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The Industry

Demystifying the role of a British Sign Language Consultant and how they support the creative process of performances that involve deaf characters or sign language.

Having a BSL consultant on your production will truly make a positive change to the attitudes towards deaf people by including BSL and deaf characters authentically

Since the launch of the Guide to Good Practice with BSL in the Arts, there have been a few mentions about British Sign Language (BSL) Consultants but very little is known about what we do and how we can help the creative process, that’s where this article comes in…

What is a BSL Consultant?

BSL consultants are people born deaf or who became deaf at a young age, their first language is BSL or they’re fluent and have a clear sense and understanding of deaf culture and identity. We have experience of working in the creative industry as actors or producers and are an essential part of the creative team. We can provide support to the director if sign language is featured in a production, working with them to explore various creative sign elements, instead of conventional BSL, whilst at the same time enabling deaf audiences to access and understand the play or film.

In some cases, BSL consultants work with deaf actors to get them to understand what the director wants them to do. There have been situations where deaf actors did not understand what was required of them despite having BSL interpreters in the room to facilitate communication. Sometimes using another deaf person with cultural understanding is better than a BSL interpreter, which is where we can help.

The BSL Consultant’s Main Roles

  • Supporting the casting process when auditioning actors to find those with the right BSL skills to fit the character
  • To support anyone using sign language on stage or screen – similar to a voice coach but for BSL
  • Supporting the director to incorporate BSL in their productions and finding the optimal BSL translation for lines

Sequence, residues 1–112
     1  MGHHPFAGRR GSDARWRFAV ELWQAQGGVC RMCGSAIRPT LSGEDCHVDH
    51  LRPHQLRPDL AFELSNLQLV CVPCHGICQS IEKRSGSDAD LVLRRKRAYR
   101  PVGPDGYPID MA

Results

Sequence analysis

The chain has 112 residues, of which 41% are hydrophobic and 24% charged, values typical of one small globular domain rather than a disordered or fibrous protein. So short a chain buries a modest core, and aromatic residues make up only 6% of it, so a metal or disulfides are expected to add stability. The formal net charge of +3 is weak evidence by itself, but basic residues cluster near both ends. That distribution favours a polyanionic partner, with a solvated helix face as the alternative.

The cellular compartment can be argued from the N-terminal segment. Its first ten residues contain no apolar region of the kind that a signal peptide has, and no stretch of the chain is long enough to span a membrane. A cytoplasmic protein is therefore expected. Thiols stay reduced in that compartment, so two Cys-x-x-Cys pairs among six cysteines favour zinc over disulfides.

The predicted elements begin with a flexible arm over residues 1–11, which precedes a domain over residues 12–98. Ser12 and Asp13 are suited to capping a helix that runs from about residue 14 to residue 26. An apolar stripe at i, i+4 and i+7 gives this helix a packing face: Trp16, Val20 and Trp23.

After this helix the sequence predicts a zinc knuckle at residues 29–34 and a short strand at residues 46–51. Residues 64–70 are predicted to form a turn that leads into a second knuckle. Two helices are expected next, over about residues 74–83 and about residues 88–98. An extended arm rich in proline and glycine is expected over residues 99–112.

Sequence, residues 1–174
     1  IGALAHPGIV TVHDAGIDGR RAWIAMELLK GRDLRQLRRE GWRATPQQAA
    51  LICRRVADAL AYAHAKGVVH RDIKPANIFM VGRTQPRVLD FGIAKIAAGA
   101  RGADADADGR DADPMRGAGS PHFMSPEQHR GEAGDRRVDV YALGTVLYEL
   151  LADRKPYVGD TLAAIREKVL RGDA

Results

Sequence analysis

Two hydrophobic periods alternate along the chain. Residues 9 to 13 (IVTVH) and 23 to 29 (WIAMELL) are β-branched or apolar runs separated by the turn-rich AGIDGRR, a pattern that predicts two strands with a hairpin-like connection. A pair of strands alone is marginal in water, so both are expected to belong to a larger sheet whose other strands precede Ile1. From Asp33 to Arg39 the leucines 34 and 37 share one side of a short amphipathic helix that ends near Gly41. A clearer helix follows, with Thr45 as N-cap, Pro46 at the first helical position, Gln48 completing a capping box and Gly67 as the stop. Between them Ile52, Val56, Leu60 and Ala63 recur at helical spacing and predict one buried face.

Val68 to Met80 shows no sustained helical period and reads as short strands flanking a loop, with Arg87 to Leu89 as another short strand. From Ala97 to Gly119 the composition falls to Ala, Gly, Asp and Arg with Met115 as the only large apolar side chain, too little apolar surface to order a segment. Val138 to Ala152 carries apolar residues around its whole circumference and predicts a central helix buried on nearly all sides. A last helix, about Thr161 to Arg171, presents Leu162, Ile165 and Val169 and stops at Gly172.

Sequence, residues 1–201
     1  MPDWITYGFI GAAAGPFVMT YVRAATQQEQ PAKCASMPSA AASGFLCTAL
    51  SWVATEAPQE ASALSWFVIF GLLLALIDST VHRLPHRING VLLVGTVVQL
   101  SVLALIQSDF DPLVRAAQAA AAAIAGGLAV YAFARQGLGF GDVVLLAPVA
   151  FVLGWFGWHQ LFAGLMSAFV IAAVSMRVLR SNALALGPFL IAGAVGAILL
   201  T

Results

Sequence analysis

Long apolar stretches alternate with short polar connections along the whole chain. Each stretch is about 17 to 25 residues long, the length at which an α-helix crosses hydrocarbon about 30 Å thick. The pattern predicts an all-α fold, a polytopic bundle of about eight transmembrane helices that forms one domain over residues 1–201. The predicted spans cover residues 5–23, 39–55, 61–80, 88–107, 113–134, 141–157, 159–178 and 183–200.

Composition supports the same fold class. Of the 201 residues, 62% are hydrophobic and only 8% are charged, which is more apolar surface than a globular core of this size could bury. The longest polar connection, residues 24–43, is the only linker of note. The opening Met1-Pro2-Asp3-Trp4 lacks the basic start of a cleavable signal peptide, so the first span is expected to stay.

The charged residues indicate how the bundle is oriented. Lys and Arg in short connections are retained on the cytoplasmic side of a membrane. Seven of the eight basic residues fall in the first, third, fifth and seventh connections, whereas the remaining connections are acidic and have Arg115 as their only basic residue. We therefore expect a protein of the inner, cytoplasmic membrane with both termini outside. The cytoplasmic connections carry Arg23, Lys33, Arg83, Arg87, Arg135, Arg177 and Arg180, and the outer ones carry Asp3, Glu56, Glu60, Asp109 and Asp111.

• Ensuring that deaf culture is authentically incorporated where appropriate
  • Ensuring framing and sightlines of signing on stage or film are clear and comprehensible to audiences and deaf people in particular.

BSL consultants can also be referred to as BSL Monitors (usually within TV and Media context), BSL Coaches or Director for Artistic/Creative Sign Language. Under those headings, there are also many BSL consultants with expertise in certain genres, such as Visual Vernacular (VV), Shakespeare, musicals/sign songs, dance, urban signs, storytelling, poetic signs, country or location-specific signs i.e. Sri Lankan signs and historical/period-appropriate sign language. If a play has many elements e.g. is set in a certain period and wants to incorporate VV, then the director of artistic sign language can suggest bringing in few other experts in like a VV expert or sign linguistics expert.

How BSL Consultants Work Differently in TV and Theatre

The BSL consultant’s approach to working in TV and theatre is very different.

Working on TV productions differs as there’s often no, or limited, rehearsal time so it’s imperative to find time for the BSL consultant to work with the actors to go through their translation. The consultant should be there for every shoot whenever signing or deaf actors are being filmed.

Usually working within the TV context means we cannot make the signs more creative on-screen as our role is to make sure the language is authentic, it needs to look like every day signing so that conversations are believable. This is very different from stage, where we can make the signs creative and attractive to make the language artier but with an authentic feel to it.

The BSL consultant’s involvement within the theatre process can vary. They can be there on a weekly basis or every day throughout the whole rehearsal if they also have another role within the creative team i.e. as an assistant director.

Casting an actor who can sign proficiently or fluently can save a lot of unnecessary stress and more focus can be spent on allowing actors to be more creative with the language they already know.

How BSL Consultants Help the Audition Process

Very rarely will there be people on the audition panel that have any understanding of sign language and most won’t be able to tell whether the actors are native signers or fluent in the language regardless if they are deaf or hearing. Sometimes the ability of the person may not match what’s on their CV, so having a BSL consultant to vet this is useful. We’ll also be able to tell if the actor has the dexterity to make the signing look natural and whether they can work alongside a consultant to develop a translation.

Casting an actor who can sign proficiently or fluently can save a lot of unnecessary stress and more focus can be spent on allowing actors to be more creative with the language they already know. They’ll be able to develop their characters and explore exciting possibilities of bringing new sign elements so the deaf audiences truly can follow everything with minimal effort.

The Translation Process and Consulting Sessions

BSL is a visual language that has its own grammar and syntax, which is completely different from English. The translation process can be challenging, time-consuming and stressful for actors when all their lines have to be translated from English to BSL.

It’s not realistic to expect an actor to just ‘learn sign’, any more than someone could become fluent in French or Spanish within the same time frame, but going on a BSL course before the rehearsals or filming starts would really help the process.